Background textures bring walls and doors to life, whilst close-ups reveal skin textures and facial details, whilst highlighting blood, sweat and tears. Clothing weaves are finely distinguished, and the colour scheme, although not exacting popping with vivid, vibrant tones, at least enjoys some richer browns and greys, set against fairly solid blacks which do present some nice night street sequences basked in hazy mist and moonlight (again, it’s no surprise to find that the DOP who lensed Blade Runner was also behind the cinematography here).
As stated, it’s not consistent, and the closer you look, the more you can begin to question just how pasty some of the facial shots are, or whether or not the edges around some of the heads look artificially augmented, whilst a fluctuating and somewhat temperamental grain level only further clouds the issue. But it’s still a generally enjoyable experience which, whilst it never coming close to demo quality, probably looks the best the film has ever looked and – given that this is the third Blu-ray release the film has seen, and more than likely the last – probably the best shape you’ll ever find it in.
Sound QualityThe accompanying DTS-HD Master Audio 5.1 track prioritises the dialogue, gunshots and outstanding score, a clever tactic as they remain the high points in the feature, with the snappy spoken words remaining clear and coherent throughout – whether mumbled or yelled – and clinically disseminated from across the fronts and centre channels, whilst the larger effects get bounced around the surrounds and even carry with them a little LFE weight. Gunshots aren’t as good as they sound they days but they still offer up some penetrating reverberation that perforate the mix.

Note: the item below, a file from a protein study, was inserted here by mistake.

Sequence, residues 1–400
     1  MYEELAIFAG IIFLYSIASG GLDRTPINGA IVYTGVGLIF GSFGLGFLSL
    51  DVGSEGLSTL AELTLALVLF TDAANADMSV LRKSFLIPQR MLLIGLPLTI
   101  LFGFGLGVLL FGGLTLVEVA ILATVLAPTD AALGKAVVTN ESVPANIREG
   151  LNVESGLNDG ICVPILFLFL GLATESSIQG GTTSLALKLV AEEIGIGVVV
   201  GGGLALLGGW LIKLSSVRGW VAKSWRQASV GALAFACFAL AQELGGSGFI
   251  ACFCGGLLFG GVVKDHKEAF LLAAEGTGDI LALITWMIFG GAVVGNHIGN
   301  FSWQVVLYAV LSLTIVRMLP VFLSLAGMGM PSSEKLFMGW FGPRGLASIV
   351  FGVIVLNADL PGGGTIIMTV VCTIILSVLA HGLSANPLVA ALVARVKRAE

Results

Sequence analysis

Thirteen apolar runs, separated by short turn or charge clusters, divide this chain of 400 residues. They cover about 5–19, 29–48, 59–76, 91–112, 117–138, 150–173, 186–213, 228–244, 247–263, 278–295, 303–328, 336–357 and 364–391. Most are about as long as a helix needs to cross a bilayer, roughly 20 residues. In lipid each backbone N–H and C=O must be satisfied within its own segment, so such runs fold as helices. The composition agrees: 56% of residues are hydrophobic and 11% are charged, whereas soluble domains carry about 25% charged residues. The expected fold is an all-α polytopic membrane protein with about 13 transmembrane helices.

Undoubtedly the single best aspect of the audio – and arguably one of the best aspects of the film – is the elegiac score by Ennio Morricone.
Haunting, soulful and sorrowful, grandmaster Morricone brings his heavyweight talents to play here to great effect with another memorable score. Much like the cinematography, Morricone’s work is a cut above what you would have otherwise expected for this feature, affording the film some welcome emotional nuance and understated gravitas.
ExtrasAlthough losing out on the Audio Commentary from Twilight Time’s Region Free US counterpart, we do get a strong 20 minute “Directing a Bunch of Gangsters – Making State of Grace” Interview with Director Phil Joanou who practically packs a commentary’s worth of information into his high-speed-delivery effort. The brief Ed Harris on State of Grace Interview is a bit of an afterthought at just 5 minutes in length, but it’s still nice to hear from the old boy.
Not quite a masterpiece, State of Grace is still an undeniably underrated gem.
This solid Region B-locked UK Blu-ray promotes strong video and even better audio, as well as a couple of nice exclusive extras. Whilst it's far from a stunning remastered collector's edition, it's about the best fans of this film could have hoped for and, with any luck, will introduce plenty of newcomers to this little gem. Recommended.